Testing Scientifically Proven Music to Better the Spirit: Does It Really Work?


Feeling anxious is quite common, and sometimes difficult. I've found myself pretty stressed lately, and overcome with worries that I knew to be minute, but yet, I couldn't stop the uneasy feeling. I'd tried all my other methods of calming myself, such as breathing slowly, but it didn't seem to work as much as I had hoped.

When I found music, it all changed.

Sound Therapy

There are many kinds of music, of course, but what I found was backed by neuroscientists. Sound therapy utilizes the energy frequencies to benefit the body in a multitude of ways - including the power to support those who are feeling nervous, anxious, uneasy, and more.

With this, I found scientifically proven music to tremendously reduce stress and anxiety - as well as music to increase levels of serotonin and dopamine - could be an answer.

It seemed like a solid theory, with much backing, so I decided to find out myself: does it really work?

Weightless by Macaroni Union

In a collaboration with sound therapists, Macaroni Union created "Weightless."

The music starts off with some slow and low beats (it kind of sounds like heartbeats) which work to slow down your heart rate to bring you to a state of calm.

I never realized how powerful listening to slow pounding beats could be in relaxing. Often, when you're feeling nervous, agitated, or anxious, your heartbeat will speed up, but this can slow it down a bit.

After the intro with the beats, the music begins with sounds that sound, well, unworldly - as in, not from this planet. The beats we heard in the beginning remain throughout, but play a bit softer. The main music kind of swirls (if that could be applied to describe such music) and leaves you feeling much less stressed than before.

My Verdict

Weightless was a huge yes for me, and I'd highly recommend it.

I must admit, I wasn't quite sure if this form of therapeutic emotional healing would really help, but I don't feel any doubts now that I've tried it. I suppose "music heals" can be very literal, too!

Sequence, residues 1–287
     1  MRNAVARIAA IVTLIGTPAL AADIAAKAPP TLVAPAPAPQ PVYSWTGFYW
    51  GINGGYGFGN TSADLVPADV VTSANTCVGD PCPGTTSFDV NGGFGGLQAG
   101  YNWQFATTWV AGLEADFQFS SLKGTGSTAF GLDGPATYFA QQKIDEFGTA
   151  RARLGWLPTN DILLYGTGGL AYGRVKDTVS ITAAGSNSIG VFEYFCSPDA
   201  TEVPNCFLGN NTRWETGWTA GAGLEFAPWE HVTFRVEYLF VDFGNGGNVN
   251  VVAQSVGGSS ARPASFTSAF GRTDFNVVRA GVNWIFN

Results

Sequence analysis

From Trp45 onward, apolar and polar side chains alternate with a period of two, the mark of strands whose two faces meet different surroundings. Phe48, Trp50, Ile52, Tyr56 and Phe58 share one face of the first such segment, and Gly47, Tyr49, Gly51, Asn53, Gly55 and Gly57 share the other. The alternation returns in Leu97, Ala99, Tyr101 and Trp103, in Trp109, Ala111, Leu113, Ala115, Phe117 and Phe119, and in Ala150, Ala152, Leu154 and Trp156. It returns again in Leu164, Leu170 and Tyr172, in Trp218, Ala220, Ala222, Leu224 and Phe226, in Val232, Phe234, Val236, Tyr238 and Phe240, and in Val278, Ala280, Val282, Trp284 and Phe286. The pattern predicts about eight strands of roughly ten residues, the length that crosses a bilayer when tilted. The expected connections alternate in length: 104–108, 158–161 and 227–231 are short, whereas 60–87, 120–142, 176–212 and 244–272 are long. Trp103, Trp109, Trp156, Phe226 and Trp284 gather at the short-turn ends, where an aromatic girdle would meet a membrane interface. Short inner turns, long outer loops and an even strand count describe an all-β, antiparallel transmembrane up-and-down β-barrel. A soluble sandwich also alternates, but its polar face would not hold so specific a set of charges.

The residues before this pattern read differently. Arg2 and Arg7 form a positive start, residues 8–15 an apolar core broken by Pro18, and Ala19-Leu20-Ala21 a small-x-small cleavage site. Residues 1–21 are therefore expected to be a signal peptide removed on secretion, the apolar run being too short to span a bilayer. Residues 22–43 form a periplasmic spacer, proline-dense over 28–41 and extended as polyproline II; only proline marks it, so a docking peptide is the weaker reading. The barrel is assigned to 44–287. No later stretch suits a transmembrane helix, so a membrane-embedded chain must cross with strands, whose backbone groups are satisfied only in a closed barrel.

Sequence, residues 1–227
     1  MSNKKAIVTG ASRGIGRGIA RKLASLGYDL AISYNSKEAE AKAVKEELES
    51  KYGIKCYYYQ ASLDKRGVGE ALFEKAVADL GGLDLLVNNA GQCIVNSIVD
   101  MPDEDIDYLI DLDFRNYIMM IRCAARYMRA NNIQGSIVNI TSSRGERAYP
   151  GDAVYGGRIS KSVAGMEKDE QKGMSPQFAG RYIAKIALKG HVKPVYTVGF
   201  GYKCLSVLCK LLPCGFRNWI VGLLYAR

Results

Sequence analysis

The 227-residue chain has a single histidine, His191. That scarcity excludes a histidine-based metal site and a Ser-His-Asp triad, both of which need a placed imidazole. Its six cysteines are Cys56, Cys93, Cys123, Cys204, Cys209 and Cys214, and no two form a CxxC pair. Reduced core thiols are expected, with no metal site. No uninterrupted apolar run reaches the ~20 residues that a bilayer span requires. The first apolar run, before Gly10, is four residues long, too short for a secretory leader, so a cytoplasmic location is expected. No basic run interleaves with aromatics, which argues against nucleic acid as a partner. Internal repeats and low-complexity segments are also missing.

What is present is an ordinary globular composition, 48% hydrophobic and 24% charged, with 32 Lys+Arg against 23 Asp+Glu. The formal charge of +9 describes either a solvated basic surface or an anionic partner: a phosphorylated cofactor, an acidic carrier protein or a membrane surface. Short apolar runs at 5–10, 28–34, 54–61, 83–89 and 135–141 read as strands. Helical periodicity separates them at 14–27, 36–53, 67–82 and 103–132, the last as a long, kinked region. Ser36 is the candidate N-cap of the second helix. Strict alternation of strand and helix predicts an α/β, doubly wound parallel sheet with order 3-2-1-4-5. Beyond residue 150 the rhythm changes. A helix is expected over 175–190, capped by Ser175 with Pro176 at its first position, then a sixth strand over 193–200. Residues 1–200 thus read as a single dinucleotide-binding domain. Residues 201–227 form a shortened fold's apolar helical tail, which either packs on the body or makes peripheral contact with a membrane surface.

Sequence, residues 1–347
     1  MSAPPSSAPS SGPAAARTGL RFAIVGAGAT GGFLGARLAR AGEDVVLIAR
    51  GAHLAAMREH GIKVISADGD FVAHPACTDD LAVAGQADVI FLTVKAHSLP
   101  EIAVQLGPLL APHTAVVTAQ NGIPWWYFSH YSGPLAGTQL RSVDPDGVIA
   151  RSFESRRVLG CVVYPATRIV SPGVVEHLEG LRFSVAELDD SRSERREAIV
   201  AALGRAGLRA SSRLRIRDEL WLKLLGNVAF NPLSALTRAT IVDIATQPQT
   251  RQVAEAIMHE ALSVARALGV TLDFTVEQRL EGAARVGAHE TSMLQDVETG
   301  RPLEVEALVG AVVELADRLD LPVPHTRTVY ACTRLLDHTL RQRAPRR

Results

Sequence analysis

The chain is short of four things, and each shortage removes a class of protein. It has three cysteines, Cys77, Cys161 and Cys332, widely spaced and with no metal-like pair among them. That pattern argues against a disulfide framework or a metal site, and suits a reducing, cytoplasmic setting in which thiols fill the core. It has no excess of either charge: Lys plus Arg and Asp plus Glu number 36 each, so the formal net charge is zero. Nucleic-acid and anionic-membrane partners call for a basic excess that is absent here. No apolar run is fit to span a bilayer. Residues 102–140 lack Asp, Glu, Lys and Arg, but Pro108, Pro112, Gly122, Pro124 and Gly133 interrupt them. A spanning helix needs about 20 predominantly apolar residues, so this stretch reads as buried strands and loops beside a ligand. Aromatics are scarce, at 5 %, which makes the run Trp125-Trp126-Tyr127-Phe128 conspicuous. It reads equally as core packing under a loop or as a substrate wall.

If you're looking to listen to this relaxing music for more than 30 minutes, there is a 10-hour version that is available here for free.

Happiness Frequency

The Happiness Frequency music lets off higher sounds that sound as if it is vibrating and echoing.

This music is said to release serotonin, dopamine, and endorphin.

My Verdict

I did not feel particularly excited nor jubilant after this video - and I can't say I felt "happiness", either.

But, what I can say is that I felt much calmer after listening to this sound.

This was a different kind of "calm" from Weightless, because with Weightless, I felt that my worries had been taken away; with this Happiness Frequency, I felt relaxed and reflective. This one was almost like a meditative sound.

Try This:

If you would like to further your sound therapy experience, these are some of my recommendations:

1. Make a Playlist

Consider adding some relaxing and stress-free music to a specifically curated playlist. YouTube and Spotify are some great platforms that allow you to create your own playlists. You can also find tons of already-made playlists online. Above is a Stress Relief Playlist from Spotify.

2. Meditate

Alongside your sound therapy, consider adding in meditation as a part of your experience!

If you're looking for a beginner's guide on meditation, click here for a YouTube video that gives you an introduction to begin.

3. Stretch

Try some simple stretching moves to enhance your listening during the street relief music.

If you're feeling a bit uneasy and would like to relax and find calm, try any of the music above- or other similar sound therapies available on YouTube. Maybe you could even listen to it every day and release some happy chemicals into your atmosphere. With much hope that you found this beneficial, I also want to let you know: you got this!

Did you enjoy reading Kate J's article? Let your friends know by using any of the sharing options below.

Kate J
100k+ pageviews

Kate is the Marketing Director and Photography Lead of The Teen Magazine.